There's a big difference between telling it and feeling it, and a well known warning.
As the old saying would have it - Don't get involved.
It's there to protect your professionalism, and yourself.
And I understand the sentiment, but I've never agreed.
This week, I had the distressing task of reporting on a fire which destroyed an historic hotel, right in the heart of my beloved Exeter home town.
As a journalist, maybe I should have just said what was happening and left it at that. The who, what, where, why, when and how.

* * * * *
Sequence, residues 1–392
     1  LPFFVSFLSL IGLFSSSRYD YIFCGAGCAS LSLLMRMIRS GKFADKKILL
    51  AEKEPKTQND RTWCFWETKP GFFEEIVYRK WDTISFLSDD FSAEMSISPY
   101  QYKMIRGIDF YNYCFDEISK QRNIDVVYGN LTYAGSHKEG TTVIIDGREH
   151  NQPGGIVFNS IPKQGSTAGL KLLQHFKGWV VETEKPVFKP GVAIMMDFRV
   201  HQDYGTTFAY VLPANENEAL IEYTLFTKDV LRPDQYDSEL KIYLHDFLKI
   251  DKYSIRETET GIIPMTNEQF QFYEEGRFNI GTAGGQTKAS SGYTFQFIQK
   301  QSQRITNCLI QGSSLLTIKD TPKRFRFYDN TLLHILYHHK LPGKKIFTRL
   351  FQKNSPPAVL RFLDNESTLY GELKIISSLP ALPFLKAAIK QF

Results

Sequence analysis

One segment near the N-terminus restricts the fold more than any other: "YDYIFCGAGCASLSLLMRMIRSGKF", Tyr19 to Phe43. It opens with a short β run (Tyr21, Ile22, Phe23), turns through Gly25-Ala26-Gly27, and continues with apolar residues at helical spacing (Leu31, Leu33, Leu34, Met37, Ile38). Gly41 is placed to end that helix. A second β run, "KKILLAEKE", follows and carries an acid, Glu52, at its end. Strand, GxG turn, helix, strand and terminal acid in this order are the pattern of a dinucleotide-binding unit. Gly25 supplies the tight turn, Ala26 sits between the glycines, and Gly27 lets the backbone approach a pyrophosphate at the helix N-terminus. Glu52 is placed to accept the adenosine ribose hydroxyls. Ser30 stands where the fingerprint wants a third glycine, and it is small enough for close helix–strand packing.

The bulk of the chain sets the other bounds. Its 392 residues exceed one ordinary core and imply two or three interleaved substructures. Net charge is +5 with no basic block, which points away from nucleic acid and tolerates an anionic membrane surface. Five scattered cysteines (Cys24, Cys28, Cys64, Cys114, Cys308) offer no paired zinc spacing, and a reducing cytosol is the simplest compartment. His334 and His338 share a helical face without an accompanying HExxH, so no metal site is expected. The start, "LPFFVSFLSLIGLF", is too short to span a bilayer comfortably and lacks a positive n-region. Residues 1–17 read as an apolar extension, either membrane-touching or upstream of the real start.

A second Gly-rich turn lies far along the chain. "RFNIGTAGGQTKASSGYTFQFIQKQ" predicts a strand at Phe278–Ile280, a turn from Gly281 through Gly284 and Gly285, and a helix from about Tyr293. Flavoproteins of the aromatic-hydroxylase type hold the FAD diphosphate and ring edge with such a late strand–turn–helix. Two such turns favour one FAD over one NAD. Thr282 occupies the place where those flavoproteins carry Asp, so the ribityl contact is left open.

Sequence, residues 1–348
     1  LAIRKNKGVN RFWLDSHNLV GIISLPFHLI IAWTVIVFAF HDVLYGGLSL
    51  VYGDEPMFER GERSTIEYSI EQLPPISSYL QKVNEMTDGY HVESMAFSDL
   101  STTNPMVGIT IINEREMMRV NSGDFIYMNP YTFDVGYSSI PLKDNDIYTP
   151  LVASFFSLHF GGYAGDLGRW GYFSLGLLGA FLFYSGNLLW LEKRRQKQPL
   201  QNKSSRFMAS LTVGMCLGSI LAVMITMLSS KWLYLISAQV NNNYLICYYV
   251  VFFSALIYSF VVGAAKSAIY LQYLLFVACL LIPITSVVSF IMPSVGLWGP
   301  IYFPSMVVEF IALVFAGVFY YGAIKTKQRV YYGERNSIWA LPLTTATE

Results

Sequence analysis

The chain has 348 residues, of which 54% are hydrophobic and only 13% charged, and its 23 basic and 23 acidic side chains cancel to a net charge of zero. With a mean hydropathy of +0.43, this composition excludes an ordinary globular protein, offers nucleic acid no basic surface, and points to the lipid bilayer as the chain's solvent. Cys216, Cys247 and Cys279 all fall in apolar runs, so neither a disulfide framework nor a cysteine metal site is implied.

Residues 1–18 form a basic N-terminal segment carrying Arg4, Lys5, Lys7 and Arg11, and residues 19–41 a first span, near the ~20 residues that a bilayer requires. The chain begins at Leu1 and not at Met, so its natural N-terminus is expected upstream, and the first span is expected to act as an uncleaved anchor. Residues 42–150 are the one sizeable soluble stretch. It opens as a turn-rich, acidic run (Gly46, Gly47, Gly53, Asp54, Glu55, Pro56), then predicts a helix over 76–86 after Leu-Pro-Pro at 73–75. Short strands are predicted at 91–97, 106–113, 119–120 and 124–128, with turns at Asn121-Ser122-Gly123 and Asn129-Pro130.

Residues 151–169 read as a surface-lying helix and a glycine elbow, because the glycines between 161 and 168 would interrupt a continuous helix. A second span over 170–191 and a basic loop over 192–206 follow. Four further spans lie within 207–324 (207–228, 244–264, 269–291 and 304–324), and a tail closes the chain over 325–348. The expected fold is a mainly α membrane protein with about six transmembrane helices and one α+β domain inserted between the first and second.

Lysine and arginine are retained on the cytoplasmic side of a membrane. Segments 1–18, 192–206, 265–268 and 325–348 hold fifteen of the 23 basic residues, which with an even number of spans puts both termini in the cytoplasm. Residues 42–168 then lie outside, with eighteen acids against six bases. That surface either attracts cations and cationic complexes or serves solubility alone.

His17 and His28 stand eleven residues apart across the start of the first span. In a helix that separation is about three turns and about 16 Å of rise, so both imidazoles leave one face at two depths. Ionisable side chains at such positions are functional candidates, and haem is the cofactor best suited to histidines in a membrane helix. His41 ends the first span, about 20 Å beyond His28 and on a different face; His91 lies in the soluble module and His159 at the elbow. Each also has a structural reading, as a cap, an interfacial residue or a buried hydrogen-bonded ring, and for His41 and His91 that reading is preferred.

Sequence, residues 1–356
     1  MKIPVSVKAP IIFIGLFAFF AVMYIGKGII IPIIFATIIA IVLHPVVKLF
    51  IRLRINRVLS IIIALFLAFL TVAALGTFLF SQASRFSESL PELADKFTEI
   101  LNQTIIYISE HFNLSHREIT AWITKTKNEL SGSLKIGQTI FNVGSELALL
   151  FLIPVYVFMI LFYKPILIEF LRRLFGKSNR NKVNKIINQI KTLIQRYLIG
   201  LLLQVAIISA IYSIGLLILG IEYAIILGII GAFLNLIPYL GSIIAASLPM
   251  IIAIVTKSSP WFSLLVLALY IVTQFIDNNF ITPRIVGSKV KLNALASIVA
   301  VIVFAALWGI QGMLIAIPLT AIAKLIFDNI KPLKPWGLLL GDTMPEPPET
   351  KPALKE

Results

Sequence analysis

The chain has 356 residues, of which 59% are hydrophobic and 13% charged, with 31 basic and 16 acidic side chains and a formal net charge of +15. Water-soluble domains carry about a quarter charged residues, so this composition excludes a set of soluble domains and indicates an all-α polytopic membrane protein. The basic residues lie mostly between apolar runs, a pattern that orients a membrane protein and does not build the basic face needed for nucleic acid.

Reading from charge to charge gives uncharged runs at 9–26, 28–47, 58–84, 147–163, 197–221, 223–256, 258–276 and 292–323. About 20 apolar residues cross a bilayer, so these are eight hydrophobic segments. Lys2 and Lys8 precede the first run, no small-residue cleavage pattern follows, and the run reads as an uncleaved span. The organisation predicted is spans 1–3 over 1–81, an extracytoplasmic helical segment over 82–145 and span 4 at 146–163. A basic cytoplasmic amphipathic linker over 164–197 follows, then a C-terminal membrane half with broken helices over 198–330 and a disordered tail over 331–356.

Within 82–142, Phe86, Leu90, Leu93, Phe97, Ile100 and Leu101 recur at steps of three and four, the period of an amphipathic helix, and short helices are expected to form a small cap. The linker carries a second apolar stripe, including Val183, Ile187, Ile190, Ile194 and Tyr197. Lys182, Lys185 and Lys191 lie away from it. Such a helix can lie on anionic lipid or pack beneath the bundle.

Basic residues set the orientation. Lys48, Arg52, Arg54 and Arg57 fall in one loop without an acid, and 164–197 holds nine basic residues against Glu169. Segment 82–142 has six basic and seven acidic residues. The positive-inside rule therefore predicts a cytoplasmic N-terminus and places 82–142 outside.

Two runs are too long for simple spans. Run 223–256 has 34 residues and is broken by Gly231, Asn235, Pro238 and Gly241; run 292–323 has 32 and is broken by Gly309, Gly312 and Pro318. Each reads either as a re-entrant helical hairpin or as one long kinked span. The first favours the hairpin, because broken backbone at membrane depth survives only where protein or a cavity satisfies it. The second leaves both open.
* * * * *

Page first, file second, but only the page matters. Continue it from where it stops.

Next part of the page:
But some stories have a deeper dimension.
So in I waded, with a sense of how it felt. I told it from the perspective of the people who lived and worked in Exeter, those who fought the fire, and also a little of my own thoughts.
Because sometimes the feelings are just as important as the facts.
And I was overwhelmed by the response I received.
So many people stopped me in the street, or got in touch via social media, to agree. At the pervasive, grey and misty sadness of the loss of hundreds of years of history in just a few hours.
And as so often, what's right in journalism also works in the rest of writing.
Be it novel, short story, play or poetry - who wants to just see and hear what's going on?
We need to feel it.
Because we're people, and feelings are what we're made of.